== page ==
Another interesting way to support my statement is to focus on ICAO´s Global Air Navigation Plan (GANP), with emphasis on two specific Aviation System Block Upgrades (ASBU) - Block 0 (reference date 2013)
It is an obvious conclusion that, for any airports raising runway/aerodrome safety concerns, due to the complexity of its operation, real time position information should be a part of the ‘surface operations data’ to be shared amongst stakeholders, as a means to reduce delays on movement and manoeuvring areas.
JR: Can this be illustrated by some examples?
SM: To illustrate how it works in real world, we can mention the results achieved in the US, in particular at Atlanta International Airport back in 2010, after implementation of a common-use surface surveillance platform (no formal CDM Operating mode, implemented):
With the deployment of Saab´s Aerobahn Surface Management System, fed by a ground based multilateration network in 2010, Atlanta has created a collaborative environment where all stakeholders (airport, airlines and the FAA) have a common platform to improve overall airport operations. In 2012, Atlanta saved 36,400 hours in taxi time and 64,400 hours in schedule delay per year, saving airlines $97 million annually with delays at their lowest level since measurement began in 1990 (10.1 per thousand operations). This reflects a 21% improvement in addition to a 54.7% delay reduction achieved in 2011. Furthermore, Saab´s surface surveillance platform, with its advanced event alerting functionality, prevented long on-board delays saving 300,000 passenger days during those years.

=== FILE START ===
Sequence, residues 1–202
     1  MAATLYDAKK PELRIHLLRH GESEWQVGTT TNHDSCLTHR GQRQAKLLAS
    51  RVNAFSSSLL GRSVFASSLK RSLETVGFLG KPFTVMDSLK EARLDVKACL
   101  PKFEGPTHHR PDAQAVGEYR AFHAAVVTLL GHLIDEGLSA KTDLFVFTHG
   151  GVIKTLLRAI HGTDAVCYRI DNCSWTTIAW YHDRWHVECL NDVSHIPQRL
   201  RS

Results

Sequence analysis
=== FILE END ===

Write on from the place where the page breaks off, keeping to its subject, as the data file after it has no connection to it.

Other deployments include: Atlanta, Chicago, Denver, Detroit, Houston, Minneapolis, New York-JFK, New York-LaGuardia, New Newark, Philadelphia and Phoenix. Major airlines as American Airlines, Delta and United are also prominent customers/users.
JR: The US approach seems to be more effective which must be associated with conceptual differences between A-CDM and S-CDM. If so, what prevents Europeans from following these steps?